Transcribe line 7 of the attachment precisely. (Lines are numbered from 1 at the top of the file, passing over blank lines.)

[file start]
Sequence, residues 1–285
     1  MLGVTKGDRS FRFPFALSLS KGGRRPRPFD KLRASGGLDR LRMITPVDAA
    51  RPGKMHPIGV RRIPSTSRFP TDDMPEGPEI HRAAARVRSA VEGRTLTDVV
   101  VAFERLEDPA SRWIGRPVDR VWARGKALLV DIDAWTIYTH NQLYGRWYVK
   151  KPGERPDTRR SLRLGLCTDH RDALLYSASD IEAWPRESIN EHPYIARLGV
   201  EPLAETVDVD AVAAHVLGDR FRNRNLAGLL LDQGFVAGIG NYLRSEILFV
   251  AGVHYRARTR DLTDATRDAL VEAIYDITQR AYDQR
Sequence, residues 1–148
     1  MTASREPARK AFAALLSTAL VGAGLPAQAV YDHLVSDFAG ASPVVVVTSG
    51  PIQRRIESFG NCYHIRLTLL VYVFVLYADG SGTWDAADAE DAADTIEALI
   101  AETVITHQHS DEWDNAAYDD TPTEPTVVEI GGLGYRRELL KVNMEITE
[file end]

   251  AGVHYRARTR DLTDATRDAL VEAIYDITQR AYDQR